The name of the ancient province in central Anatolia. The irresistible region is created through violent eruptions of the volcanoes Mt. Erciyes (3,916 m.) and Mt. Hasan (3,268 m.) three million years ago. Places which are visited most in the region are : The Göreme Open -air museum with its carved churches, the Ihlara Valley, the underground cities of Kaymaklı or Derinkuyu, the fairy chimneys, Avanos with its handicrafts, Zelve and Ürgüp.
The Taurus mountains, which are technically part of the Alpine chain, in their creation 60 million years ago, caused the warping of the Anatolian plateau. The resulting volcanoes, including the spectacular Mount Erciyas and Mount Hasan, produced the tuff from which the unique landscape of Cappadocia is formed.
There is no historical record of activity from these ancient volcanoes (and they certainly won't interrupt your holiday) but there are three surviving memorials, although it is likely that these were created by people who had heard about the eruptions through folk history rather than having actually witnessed it themselves. One of the wall paintings in Çatalhöyük (which is incidentally one of the oldest paintings known to archaeology) shows an eruption as does an ancient engraved coin from Caesarea (Modern Kayseri). The remains of a Persian temple dedicated to fire near Mount Erciyas show that this volcano was once regarded as sacred.
It took millions of years for the ash from these volcanoes to form a layer of tuff, covered in places by a further layer of basalt lava. The basalt ultimately cracked and split under attack from the weather and rainwater seeped down through the cracks and splits to slowly erode the tuff itself. The natural effects of alternating very hot and very cold weather and the rain and the wind breaking down the rock's resistance caused (and continues to cause) the emergence of the tall cones of tuff capped by hard basalt which the Turks call Fairy Chimneys.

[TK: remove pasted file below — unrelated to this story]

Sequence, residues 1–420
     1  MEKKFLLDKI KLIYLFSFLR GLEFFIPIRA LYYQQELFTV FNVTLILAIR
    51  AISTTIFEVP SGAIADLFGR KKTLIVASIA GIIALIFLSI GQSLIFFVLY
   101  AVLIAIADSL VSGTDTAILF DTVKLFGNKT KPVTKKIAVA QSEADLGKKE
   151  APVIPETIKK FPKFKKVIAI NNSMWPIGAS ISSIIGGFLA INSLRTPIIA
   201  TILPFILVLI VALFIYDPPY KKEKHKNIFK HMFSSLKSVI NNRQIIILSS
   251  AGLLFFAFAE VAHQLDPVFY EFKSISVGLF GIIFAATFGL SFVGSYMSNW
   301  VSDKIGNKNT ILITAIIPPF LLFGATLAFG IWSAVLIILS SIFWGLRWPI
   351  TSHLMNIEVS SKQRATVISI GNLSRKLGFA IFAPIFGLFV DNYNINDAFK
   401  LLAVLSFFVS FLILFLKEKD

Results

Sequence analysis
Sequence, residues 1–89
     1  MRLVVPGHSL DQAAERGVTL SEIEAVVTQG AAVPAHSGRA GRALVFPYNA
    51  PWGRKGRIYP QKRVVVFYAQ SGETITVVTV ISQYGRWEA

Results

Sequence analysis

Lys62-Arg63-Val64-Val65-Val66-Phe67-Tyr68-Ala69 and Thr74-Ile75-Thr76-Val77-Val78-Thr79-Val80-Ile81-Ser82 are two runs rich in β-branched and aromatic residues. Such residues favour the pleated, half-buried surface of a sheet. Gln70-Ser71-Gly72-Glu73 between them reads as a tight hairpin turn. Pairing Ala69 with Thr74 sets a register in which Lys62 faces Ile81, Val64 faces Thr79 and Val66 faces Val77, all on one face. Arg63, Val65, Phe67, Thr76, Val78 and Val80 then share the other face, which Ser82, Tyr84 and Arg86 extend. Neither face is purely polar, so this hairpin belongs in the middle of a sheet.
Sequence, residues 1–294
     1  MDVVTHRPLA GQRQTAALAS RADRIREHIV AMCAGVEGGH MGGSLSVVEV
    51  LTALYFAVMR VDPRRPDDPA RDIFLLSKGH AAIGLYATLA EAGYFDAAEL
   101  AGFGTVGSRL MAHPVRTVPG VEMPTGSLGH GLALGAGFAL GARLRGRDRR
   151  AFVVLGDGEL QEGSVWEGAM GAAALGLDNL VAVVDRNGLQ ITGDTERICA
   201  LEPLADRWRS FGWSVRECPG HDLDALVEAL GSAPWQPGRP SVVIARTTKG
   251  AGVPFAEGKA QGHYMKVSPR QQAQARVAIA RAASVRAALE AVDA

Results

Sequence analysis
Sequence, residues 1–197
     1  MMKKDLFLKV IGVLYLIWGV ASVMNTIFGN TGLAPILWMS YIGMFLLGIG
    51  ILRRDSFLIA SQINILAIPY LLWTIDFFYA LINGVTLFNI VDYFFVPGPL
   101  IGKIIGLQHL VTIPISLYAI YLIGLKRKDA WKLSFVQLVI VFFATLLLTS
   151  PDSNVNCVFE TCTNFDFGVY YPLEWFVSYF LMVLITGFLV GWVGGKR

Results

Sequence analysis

Where there is no basalt layer to protect the tuff lovely valleys have been formed connected to the plateau by steep canyons of andesite and basalt. The canyons of Soğanlı and Ihlara are particularly stunning examples, Ihlara canyon being 650 feet in depth in some parts.
The valleys are sheltered and fertile with an almost temperate climate. The tuff is easily worked and, for milennia, has provided dwellings and and storerooms, both above and below ground, for smallholders. Despite it's increasing popularity with visitors, Cappadocia is very much home to small farmers who can still be seen every day tending their orchards, vineyards and field crops and riding their donkeys home to their cave houses.